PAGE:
During World War II, the ‘Wooden Wonder’ Freed Prisoners from the Air
These audacious aerial special operations by RAF Mosquitoes demonstrated that even airpower can rescue prisoners without boots on the ground and exemplified the importance of unconventional thinking in the successful conduct of special operations.
Special operations forces are famously known today for a special task—hostage and prisoner rescue. These missions usually entail the usage of special operators or boots on the ground to conduct these high-risk operations. Examples of these special operations include the Son Tay raid (1970), the raid on Entebbe airport (1976), and the Iranian Embassy siege (1980). Nonetheless, and uniquely innovative, the Royal Air Force (RAF) had also conducted special operations freeing prisoners without using ground troops during World War II but by using Mosquito light bombers with rudimentary navigation and flying aids conducting low-level precision bombing.
How were these possible?
The de Havilland Mosquito light-weight bomber or better known as the “wooden wonder” made these dangerous aerial special operations feasible. The Mosquito was made mostly of wood as it was more abundant than metal during the early desperate days of World War II in Great Britain. The British also had numerous wood-making and carpentry factories. This lightweight material yielded an aircraft that was able to fly fast and low with high manoeuvrability. The twin-engine wooden wonder was capable of flying at speeds of over 400 mph, one of the fastest aircraft at that time. It could carry a bomb load of up to 4,000lb with a range of 1,500 miles.
The Mosquito had been used in various roles during WWII such as night fighter, light bomber, reconnaissance, anti-submarine, jamming of enemy air defence radars, and as pathfinders for large bombing raids.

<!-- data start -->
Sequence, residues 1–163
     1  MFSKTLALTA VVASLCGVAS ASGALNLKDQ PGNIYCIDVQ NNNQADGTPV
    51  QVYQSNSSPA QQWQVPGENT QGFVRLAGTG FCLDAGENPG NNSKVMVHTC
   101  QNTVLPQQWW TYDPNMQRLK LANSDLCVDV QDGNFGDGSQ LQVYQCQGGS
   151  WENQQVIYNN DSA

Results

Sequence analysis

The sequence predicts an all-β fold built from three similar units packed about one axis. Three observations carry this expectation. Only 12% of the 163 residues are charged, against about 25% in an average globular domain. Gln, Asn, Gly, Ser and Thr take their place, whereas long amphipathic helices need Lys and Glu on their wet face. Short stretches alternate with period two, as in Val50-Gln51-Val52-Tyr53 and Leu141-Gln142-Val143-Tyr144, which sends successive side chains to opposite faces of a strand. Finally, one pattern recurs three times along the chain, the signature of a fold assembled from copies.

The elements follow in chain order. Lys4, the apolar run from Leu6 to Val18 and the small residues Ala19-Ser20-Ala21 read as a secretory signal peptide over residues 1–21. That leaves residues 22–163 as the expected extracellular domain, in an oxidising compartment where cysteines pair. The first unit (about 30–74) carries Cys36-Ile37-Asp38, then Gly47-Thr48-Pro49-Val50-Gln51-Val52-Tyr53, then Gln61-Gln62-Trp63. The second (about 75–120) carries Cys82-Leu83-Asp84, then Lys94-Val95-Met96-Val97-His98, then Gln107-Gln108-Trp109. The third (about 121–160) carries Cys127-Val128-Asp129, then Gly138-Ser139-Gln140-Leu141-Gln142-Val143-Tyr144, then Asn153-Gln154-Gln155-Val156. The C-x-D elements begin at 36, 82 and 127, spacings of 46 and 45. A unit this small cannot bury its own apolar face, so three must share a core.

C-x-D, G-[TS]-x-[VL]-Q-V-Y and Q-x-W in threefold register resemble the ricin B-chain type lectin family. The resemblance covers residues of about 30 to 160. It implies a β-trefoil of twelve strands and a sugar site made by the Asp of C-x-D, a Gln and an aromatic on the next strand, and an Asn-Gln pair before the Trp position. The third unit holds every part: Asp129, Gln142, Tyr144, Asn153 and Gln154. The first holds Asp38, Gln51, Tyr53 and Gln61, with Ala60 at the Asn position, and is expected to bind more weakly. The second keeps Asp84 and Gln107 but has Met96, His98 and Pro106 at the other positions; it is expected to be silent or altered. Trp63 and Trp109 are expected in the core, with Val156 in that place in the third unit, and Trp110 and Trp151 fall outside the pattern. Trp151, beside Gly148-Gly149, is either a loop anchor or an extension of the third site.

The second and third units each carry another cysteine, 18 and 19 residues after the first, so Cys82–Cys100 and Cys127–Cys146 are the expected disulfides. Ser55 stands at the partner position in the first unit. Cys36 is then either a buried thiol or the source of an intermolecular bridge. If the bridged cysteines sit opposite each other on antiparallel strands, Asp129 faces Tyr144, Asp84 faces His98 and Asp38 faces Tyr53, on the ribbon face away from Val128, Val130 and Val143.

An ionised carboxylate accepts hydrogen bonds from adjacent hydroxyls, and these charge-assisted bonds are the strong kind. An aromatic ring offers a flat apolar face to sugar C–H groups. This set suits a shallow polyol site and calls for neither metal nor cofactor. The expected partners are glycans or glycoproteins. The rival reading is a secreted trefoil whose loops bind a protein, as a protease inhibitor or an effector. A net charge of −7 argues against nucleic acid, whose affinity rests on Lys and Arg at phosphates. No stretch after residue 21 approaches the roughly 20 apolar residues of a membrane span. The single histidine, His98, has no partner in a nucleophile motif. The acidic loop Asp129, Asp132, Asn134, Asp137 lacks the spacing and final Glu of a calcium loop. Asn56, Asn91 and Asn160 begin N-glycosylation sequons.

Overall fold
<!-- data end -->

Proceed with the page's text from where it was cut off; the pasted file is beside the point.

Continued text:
The Mosquito was also famous for its numerous high-speed, low-level precision bombing strikes including two daring special operations, Operation Jericho and Operation Carthage, which had freed prisoners held in Gestapo prisons.
Operation Jericho was conducted on February 18, 1944, to free about 700 prisoners (mostly resistance fighters) in Amiens, France. The prison was located in a cross-shaped building with twenty-foot tall and three-foot-thick walls. As some of these prisoners were slated to be executed soon, the local French resistance cell requested help to rescue the prisoners.
Sixteen Mosquitoes flew the two hours journey to Amiens at just 100 feet, avoiding radar detection to ensure a successful surprise attack. The Mosquitoes dropped sixteen 500lb bombs with eleven-second-delay fuses at the prison, successfully blowing the cell doors open by concussion and destroying parts of the wall. The prison guardhouse was also hit, killing some of the German guards having lunch there. The British attacking force lost three Mosquitoes in the attack. The bombing resulted in a total of 258 prisoners escaping and fifty Germans were killed. The successful operation provided a template for further accurate precision bombing attacks against Gestapo prisons.
Operation Carthage was launched a year later on March 21, 1945, to free prisoners held by the Gestapo at the Shellhaus in Copenhagen, Denmark. There was a request from the Free Danish Resistance for an RAF bombing attack to prevent the impending execution of resistance prisoners and freeing them as well as to destroy the Gestapo archives on resistance activities in Denmark. Operation Carthage was conducted by eighteen Mosquitoes which flew 350 miles to their target and attacked the Shellhaus from rooftop level, partially destroying it—which enabled thirty of the prisoners to escape—and successfully destroying the Gestapo archives. The raid also killed 151 Germans and Gestapo collaborators. More tragically, a school nearby was also mistakenly bombed during the raid killing eighty-six schoolchildren and eighteen teachers. The RAF lost four Mosquitoes in the raid.
These audacious aerial special operations by RAF Mosquitoes demonstrated that even airpower can rescue prisoners without boots on the ground and exemplified the importance of unconventional thinking in the successful conduct of special operations. The wooden Mosquito’s unique capabilities in performing fast, nimble low-level precision strikes and flew by extremely skilful and courageous pilots produced some spectacular wonders during World War II.
Adam Leong Kok Wey is associate professor in strategic studies, and the Deputy Director (Research) in the Centre for Defence and International Security Studies (CDiSS) at the National Defence University of Malaysia. His latest books are Strategy and Special Operations from Eastern and Western Perspectives published by NDUM Press (2021) and Killing the Enemy! Assassination Operations During World War II, published by Bloomsbury (2020).